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  Composition Guidelines

All human brains are wired much the same. Certain things catch our brain's attention, because our visual cortex "fires up" when these features are present. (Warning! Warning! Boring scientific discussion approaching!) Some are obvious: color contrasts (red rock, blue sky) make the brain pay attention; repeating units (the spires of Castle Valley) really get the neurons going; and to bring every axon in the occipital lobe on-line, nothing beats seeing an eyeball. Other "brain preferences" are more subtle. Your visual system likes to gaze on diagonal lines longer than vertical or horizontal ones. Within a frame, your brain prefers its interesting subject be located off-center.

Use the "rule of thirds." Draw two lines horizontally to divide the picture into three strips. Now draw two vertical lines to divide it into three columns. Any point where these lines intersect is the ideal location for the main visual interest of your picture.

The "rule of thirds" says that dominant objects are more visually interesting if they fall around the intersection of lines dividing the photo into thirds vertically and horizontally.

In this photo of Gary climbing up the Slickrock Trail, his body falls on a vertical "third" line, and the head is at an intersection with a horizontal "third."

But imagine if Gary were at the same place, heading downhill. The photo would seem claustrophobic. This would violate our "open up a space" principle, discussed below. 

Here the sky, background, and foreground each occupy one-third of this photo of Poison Spider Mesa. But on the right-to-left orientation, I chose to frame Gary a bit inside the line of the "left third." This makes Gary a more compelling subject than the vista.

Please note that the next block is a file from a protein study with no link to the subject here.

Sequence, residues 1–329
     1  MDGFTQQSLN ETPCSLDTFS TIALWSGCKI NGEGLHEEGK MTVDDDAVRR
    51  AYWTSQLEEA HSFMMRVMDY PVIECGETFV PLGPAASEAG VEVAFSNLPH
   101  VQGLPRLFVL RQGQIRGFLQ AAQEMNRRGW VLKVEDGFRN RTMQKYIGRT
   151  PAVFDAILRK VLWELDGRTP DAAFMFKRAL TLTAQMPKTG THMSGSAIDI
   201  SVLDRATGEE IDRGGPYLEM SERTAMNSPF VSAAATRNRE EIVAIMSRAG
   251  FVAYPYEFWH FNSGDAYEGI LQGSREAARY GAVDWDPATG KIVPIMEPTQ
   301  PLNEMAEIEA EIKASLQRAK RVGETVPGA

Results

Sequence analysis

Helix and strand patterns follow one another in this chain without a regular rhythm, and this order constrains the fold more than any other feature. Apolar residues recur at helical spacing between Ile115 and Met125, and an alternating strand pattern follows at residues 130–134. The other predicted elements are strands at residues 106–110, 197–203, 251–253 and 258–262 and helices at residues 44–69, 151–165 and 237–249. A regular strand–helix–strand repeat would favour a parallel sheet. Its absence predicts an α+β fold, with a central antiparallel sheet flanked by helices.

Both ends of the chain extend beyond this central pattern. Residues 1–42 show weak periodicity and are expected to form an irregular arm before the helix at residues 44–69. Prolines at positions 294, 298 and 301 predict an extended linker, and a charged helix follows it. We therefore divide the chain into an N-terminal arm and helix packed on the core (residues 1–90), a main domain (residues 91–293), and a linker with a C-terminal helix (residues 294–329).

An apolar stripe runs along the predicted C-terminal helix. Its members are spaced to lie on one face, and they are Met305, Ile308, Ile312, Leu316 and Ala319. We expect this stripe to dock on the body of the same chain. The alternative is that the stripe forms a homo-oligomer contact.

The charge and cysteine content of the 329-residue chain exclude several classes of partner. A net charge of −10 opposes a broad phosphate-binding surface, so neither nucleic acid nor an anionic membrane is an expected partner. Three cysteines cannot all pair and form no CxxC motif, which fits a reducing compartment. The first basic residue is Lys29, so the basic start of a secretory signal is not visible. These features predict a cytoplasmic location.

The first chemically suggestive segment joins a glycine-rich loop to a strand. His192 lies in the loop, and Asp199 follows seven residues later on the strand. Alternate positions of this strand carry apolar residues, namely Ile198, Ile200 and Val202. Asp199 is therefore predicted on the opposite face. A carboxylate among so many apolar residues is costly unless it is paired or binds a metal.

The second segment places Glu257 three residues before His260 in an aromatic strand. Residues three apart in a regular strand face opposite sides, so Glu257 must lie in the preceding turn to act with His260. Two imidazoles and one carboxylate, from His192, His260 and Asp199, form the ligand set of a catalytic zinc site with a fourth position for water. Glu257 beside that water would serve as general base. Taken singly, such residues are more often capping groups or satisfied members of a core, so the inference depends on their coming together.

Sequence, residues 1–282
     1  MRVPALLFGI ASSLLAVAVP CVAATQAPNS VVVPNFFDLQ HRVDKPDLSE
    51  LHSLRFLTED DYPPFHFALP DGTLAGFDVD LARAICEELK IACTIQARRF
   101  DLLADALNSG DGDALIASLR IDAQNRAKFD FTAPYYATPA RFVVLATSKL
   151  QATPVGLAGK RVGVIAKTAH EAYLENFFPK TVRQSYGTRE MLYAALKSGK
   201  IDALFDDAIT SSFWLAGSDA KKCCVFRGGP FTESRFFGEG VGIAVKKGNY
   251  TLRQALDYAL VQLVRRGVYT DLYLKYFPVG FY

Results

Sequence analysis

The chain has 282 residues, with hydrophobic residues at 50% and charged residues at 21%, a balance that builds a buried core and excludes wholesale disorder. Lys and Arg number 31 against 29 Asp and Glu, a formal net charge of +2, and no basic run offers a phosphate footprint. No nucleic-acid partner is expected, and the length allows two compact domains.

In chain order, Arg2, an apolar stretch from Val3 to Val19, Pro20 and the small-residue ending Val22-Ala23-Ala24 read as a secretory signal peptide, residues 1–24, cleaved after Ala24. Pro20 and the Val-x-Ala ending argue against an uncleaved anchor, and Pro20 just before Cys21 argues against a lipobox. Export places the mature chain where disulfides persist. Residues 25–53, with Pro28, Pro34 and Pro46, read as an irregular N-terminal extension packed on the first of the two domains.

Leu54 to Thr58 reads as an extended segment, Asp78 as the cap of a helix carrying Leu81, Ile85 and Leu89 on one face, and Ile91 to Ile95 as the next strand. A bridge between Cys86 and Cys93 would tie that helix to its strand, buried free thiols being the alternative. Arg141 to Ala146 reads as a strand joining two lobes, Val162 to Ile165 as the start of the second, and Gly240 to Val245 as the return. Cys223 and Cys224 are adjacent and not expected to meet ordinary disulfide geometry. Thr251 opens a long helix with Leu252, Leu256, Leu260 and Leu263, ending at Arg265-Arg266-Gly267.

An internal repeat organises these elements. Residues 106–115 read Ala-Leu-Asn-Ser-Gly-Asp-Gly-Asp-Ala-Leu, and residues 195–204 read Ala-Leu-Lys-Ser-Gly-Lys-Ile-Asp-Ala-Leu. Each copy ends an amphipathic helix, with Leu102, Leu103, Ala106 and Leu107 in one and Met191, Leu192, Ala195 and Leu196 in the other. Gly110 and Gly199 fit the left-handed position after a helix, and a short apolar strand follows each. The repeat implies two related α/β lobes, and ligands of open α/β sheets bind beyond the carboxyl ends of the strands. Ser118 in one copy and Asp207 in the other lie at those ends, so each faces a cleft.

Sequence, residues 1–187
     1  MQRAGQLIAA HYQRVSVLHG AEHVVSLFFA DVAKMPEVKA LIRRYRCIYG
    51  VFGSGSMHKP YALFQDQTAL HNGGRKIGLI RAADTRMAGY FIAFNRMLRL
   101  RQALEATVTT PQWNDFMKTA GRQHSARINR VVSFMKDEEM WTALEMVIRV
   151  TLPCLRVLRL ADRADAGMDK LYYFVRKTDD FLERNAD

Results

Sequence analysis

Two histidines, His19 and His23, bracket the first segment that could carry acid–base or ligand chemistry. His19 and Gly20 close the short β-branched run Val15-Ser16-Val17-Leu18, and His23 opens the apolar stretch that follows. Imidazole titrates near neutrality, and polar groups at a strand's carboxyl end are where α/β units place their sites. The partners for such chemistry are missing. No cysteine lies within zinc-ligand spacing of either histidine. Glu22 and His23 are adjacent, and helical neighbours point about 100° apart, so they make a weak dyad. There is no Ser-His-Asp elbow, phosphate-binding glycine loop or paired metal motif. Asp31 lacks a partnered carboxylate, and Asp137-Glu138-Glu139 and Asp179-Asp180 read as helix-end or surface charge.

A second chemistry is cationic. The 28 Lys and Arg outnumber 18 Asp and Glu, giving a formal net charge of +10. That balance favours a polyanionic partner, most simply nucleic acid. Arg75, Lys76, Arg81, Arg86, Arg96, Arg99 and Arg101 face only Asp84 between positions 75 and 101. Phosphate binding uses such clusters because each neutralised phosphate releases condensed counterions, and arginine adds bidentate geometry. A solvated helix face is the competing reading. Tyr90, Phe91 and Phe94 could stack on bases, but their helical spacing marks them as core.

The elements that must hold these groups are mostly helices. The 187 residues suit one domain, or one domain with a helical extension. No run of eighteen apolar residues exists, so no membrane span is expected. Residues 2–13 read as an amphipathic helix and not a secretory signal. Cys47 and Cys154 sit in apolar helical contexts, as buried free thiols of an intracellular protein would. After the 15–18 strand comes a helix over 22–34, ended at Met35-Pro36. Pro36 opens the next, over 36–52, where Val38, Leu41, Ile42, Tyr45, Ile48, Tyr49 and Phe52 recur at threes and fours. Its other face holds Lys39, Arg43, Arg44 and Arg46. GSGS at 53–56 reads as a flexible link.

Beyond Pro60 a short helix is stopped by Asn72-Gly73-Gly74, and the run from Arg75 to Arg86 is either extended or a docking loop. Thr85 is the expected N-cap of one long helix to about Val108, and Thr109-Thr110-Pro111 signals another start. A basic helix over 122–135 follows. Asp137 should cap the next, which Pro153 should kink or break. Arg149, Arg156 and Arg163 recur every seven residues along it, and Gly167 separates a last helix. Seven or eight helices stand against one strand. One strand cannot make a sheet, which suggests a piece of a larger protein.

Mentally, move the biker 1/2 inch to the left (further away from the center of the photo). See how the clouds, canyon, and rocks dominate the picture? Still a good photo, but a different "story" or feel.

Get down and shoot up. The lower viewpoint brings the horizon into the picture. You may be able to isolate your subject from nearby distracting details.

For this photo, I'm lying on the sandstone with the camera pressed against rock, to get the maximum upward angle of the lens. This puts the Matt against the sky above Bartlett Wash, for a dramatic effect.
But you shouldn't always "get down." For this photo of Matt and Jackie on Tibble Fork, I needed to show that the trail angled downhill. So I climbed onto the uphill side of the trail, stood on tiptoes, and shot from higher than eye-level.

By shooting from above, it demonstrates the downward angle of bike and trail.

Make use of diagonal lines. A line or path is most visually interesting if it runs diagonally through the picture.

This photo is dramatic, not just for the omygosh difficulty, but also because the chute and the biker's path cut a diagonal through the photo. (Note: Mike also obeys the "rule of thirds" as he descends the Toilet Bowl at Bartlett Wash.)

Try to put any line (including the rock-sky border) on a diagonal, if it makes sense. For example, a row of fence posts appears best, not facing the camera straight-on, but angling up and away.

Open up a path. In your picture, anything that moves needs a path to continue that action. And anything with eyes needs some open space to look at. Imagine the photo above with the biker at the LOWER LEFT third. It wouldn't look "comfortable." Each actor in your photo needs more space ahead of them than behind them.

Provide a sense of scale. For most photos, a familiar object such as a person or bike provides a "handle" by which the viewer can understand the picture. For example, you wouldn't know this is a "little dog" if she were all alone in the photo. Here Dominic provides a "sense of scale" relative to Jackie and the spruce trunk.
People add interest. Although the trail up Cottonwood Creek on the Three Forks Loop is a very nice ride, the "mountain vistas" are not awesome (by Utah standards). I wanted to show what the canyon looked like, but from every angle I could shoot, it was a Yawner. So I aimed the camera in Matt's direction while he was waiting for me to finish fumbling with the camera. Now the photo has some visual interest, and I've shown what the canyon looks like.

Look for the unusual. Odd shadows and highlights can be used to make the picture more interesting. Usually you shoot across or away from the sun; but sometimes the best photo will be shooting straight towards it. Look for unusual poses or camera angles. The shock of recognition -- when seeing a common subject in an unusual way -- can make your pictures more powerful. Experiment.

Please go on to the next lesson!

All photos and text on this website are
copyrighted works of Bruce Argyle.

Photo Basics

Composition Guidelines

Shooting Landscapes

Taking Action Photos

Flowers and Detail Photos

Pictures of People

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